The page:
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Events That Accumulated To The Foundation Of Public Education

906 words - 4 pages

The third president of the United States, Thomas Jefferson, view education as a way to secure happiness, life, and liberty for the citizens of America. While Jefferson supported the idea of education, he could not foresee how public schools would evolve to include every ethnic group, nationality, and gender to have access to the skills of reading, writing, math, and even problem solving. However, as Jefferson’s breakthrough ideas influenced generations after his lifetime, many factors and events including the strive for a better social class, a changing environment, and the need to shape and mold the younger generations through textbooks soon led to the foundation of the public education ...view middle of the document...

The reformers of the common schools apprehended that education may become the mechanism for one to free themselves from the shackles of their social class. Although they may not recognize the magnitude of this concept as the nation undergoes a development of urbanization. The majority of individuals of early American life survived the complexities of a rural lifestyle as a farmer or other forms of an uneducated job. The credence sustaining ones’ way of living for an unskilled worker soon became obsolete as the country turns its attention to the modernization of cities. Even though some government officials saw the well-being of the nation relied on everyone doing their part in society, even if that part was to farm the land, the pursuit after an education was becoming essential to advance ones’ standings in the social classes (Mondale & Patton, 2004). The result of this, soon nurtured the idea of industrial education. John Dewey, a philosopher and author of Democracy and Education, believed in this form of education that stresses the success of existing depended on the preparedness and the knowledge of a specific trade (Coulter & Wiens, 2008, p. 51). However, the education people entrusted to prepare them for a profession confided in the ability that an occupation could provide the potential of a superior social standing. With the thought of not adapting to the growth of the country and the concern of a belittled social class, passion for an education was instilled in the people.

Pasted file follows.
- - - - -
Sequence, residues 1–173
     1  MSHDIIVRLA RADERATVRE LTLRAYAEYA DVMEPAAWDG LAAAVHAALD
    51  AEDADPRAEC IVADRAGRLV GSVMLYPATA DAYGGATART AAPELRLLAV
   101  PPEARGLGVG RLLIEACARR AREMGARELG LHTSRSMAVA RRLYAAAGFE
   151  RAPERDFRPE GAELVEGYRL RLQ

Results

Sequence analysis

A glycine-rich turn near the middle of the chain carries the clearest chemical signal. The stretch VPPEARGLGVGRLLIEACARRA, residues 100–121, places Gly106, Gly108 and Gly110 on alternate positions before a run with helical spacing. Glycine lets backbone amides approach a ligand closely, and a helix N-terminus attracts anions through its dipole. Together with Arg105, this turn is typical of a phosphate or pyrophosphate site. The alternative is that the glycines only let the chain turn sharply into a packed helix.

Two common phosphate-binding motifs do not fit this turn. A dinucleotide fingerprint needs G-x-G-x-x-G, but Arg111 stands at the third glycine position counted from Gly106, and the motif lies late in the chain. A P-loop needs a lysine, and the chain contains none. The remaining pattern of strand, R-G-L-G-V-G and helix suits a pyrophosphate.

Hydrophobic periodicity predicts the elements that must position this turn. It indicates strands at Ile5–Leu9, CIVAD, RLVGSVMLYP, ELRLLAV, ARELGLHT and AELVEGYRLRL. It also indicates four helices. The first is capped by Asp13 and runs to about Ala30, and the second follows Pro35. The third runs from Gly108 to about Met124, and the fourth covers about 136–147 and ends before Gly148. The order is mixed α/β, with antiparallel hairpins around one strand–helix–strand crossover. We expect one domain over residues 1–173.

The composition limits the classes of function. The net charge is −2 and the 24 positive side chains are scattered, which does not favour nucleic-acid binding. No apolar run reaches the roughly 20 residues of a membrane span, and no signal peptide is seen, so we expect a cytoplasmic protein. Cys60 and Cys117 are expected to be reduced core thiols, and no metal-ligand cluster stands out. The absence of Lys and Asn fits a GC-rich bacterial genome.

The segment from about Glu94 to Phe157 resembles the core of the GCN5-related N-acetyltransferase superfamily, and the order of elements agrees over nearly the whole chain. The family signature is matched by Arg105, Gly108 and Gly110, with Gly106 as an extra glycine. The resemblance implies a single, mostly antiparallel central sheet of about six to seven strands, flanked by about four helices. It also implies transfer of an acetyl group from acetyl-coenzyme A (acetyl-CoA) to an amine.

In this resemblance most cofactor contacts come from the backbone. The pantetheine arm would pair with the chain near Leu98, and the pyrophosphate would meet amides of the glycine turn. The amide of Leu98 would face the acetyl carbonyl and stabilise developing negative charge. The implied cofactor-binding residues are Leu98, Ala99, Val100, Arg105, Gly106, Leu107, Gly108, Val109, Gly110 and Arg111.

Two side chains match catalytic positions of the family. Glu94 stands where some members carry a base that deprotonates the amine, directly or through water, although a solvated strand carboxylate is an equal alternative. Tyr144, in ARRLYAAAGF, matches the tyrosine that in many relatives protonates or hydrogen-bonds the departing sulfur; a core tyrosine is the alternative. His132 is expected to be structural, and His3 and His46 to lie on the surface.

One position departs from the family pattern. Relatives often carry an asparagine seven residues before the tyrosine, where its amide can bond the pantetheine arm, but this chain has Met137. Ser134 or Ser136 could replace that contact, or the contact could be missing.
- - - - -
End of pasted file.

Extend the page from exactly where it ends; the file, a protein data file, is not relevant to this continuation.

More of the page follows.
While these people fought for an education, textbooks became the crucial instrument for flourishing ones’ intelligence in a curriculum. Considering these books are influencing every student in the early days of America, it is perceivable to rationalize why the authors felt the country’s future needed...

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